The challenge is getting started. EHBP has found that many diaspora members are very interested in becoming more involved in the development of their homeland, but no one has been asked. Asking is important, but it is critical that the resources, networks and follow-through are there to ensure effectiveness and sustainability.

To achieve this, EHBP utilizes its existing networks; reaching out to Jordan’s embassies and consulates, professional associations, and foreign direct investment and expatriate agencies; partnering with existing organizations; and speaking to leaders of other diaspora organizations. Most countries or region of the world have existing diaspora organizations, including: The Indus Entrepreneurs (TiE, which has reach across Asia), The African Network, The Korean IT Network, Al-Mubardarah: Arab Empowerment Initiative, and many more.

By engaging diaspora, incubators can augment their critical role in reversing ‘brain drain’ as well as increasing ‘brain circulation’ and entrepreneurship, especially in emerging markets. Diaspora can serve incubators by being effective: role models -- particularly for young entrepreneurs, women, mentors, angel investors and even clients.

The challenge however remains for each country to find the right mechanism and platform that can efficiently facilitate the organization and mobilization of their professional Diaspora and allow the sharing information, exchange of knowledge and development of working relationships.




About El Hassan Business Park


The Business Park at El Hassan Science City (EHBP) is where the best ideas from the academic and research institutions at El Hassan Science City and throughout Jordan are turned into sustainable businesses -- creating jobs and contributing to social, environmental and economic development.
In addition to managing larger-scale projects that foster the growth of the entrepreneurial ecosystem of Jordan, EHBP also houses four organizations:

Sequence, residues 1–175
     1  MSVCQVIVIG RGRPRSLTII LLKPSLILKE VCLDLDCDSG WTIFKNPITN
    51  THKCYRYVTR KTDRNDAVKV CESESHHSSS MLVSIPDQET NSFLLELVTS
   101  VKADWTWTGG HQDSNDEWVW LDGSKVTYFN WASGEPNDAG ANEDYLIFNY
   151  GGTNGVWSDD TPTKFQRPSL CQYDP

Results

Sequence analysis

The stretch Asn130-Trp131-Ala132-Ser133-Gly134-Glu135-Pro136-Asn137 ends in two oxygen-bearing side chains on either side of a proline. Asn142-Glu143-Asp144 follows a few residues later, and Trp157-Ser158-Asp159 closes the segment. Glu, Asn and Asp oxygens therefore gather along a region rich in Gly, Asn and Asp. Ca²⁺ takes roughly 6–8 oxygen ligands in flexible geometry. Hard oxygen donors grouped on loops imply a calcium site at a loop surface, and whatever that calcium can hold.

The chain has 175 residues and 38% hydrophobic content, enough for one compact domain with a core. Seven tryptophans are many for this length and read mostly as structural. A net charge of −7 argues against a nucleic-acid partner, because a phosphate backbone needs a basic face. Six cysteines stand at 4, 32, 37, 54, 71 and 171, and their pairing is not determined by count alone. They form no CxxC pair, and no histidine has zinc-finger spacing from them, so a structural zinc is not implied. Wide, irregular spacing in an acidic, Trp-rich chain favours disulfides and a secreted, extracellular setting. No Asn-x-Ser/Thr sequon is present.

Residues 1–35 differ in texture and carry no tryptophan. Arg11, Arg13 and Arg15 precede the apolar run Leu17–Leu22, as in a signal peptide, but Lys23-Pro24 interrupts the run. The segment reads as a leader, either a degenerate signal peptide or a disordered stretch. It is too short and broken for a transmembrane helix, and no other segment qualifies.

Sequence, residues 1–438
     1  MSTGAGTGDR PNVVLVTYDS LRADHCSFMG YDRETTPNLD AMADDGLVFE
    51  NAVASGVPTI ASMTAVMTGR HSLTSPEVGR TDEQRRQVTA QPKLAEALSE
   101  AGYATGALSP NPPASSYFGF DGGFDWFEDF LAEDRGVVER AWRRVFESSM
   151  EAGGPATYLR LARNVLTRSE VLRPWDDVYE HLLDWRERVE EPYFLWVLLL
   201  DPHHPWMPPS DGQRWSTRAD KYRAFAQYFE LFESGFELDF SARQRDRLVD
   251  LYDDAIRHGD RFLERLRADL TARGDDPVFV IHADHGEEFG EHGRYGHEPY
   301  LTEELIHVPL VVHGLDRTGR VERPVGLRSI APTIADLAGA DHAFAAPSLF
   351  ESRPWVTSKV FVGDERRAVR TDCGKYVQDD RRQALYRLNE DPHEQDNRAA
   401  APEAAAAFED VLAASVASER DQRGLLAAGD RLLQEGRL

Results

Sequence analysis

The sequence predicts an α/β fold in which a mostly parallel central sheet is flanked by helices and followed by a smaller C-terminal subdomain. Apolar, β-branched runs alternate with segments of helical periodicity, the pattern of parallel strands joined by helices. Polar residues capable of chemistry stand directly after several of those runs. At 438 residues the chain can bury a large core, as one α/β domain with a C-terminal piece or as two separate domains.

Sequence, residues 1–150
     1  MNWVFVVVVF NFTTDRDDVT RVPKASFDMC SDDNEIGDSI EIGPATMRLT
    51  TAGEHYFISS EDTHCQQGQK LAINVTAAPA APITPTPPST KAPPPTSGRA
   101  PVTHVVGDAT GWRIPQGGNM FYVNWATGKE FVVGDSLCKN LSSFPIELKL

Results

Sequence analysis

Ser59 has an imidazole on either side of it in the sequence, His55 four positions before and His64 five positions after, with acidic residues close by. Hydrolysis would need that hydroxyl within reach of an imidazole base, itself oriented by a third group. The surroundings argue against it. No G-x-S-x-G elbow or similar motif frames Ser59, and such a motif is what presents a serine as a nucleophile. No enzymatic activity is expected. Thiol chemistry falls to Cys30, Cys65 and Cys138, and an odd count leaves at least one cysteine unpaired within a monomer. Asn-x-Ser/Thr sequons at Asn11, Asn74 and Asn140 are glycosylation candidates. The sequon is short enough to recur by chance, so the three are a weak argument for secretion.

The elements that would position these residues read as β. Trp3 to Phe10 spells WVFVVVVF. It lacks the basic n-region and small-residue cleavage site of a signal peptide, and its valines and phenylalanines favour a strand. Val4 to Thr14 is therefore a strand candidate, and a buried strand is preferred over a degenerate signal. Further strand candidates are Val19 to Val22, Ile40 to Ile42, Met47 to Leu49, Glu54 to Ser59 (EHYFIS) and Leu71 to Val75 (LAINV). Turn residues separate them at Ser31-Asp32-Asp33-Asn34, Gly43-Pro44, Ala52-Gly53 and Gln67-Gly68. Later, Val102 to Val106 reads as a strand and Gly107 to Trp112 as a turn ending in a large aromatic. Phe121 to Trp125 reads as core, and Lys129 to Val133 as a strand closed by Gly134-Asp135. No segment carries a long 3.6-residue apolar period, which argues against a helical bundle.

• The Queen Raina Center for Entrepreneurship, which holds nationwide business plan competitions and conducts outreach and training at universities and schools throughout Jordan

  • iPARK, which is a value-added incubator and accelerator for technology-based companies

  • The Intellectual Property and Commercialization Office, which assists researchers and entrepreneurs with patents, licensing and copyrights nationally and globally

  • The Bedaya Business Angel Network, which helps new businesses prepare for and find angel investors






Diaspora in Action


In 2004, Zaid Ayoub, a successful entrepreneur in the Semiconductor Design and Verification business in Silicon Valley, established an Engineering Design Backoffice at the iPARK Technology Incubator in his home country, Jordan. Over the next 2 years, the office grew to over 18 engineers with world class skills. After, successfully exiting his business, Zaid return to Jordan to become an entrepreneur, an active Angel investor, a mentor and to lead JTronix , Jordan’s national initiative to develop a vibrant Electronics and Semiconductor ecosystem and industry.






Dr Wissam Rabadi is the Executive Director at El Hassan Business Park in Amman, Jordan responsible for the Incubation and Investment programmes through the iPARK Technology Incubator and the BEDAYA Business Angel Network. He has over 15-years experience in the Commercialization of Technology, Management of Innovation and New Venture Creation. He was the New Business Development Manager at Texas Instruments and a Professor of Engineering at the American University in Dubai among others. He holds a PhD in Computer Engineering and an MBA from the University of Texas in Austin.


Autumn Gorman has been serving as an USAID-sponsored Emerging Markets Development Advisers Program Fellow at El Hassan Business Park in Amman, Jordan for much of the past year. In addition to advising entrepreneurs at the incubator and in the angel network, she is co-founding a new organization to engage Jordan’s diaspora in development. She holds an International MBA in Sustainable Development and a Master of Arts in Intercultural Communication from the University of Denver, CO.
Published on 14-10-2012 13:46 by David Tee. 1007 page views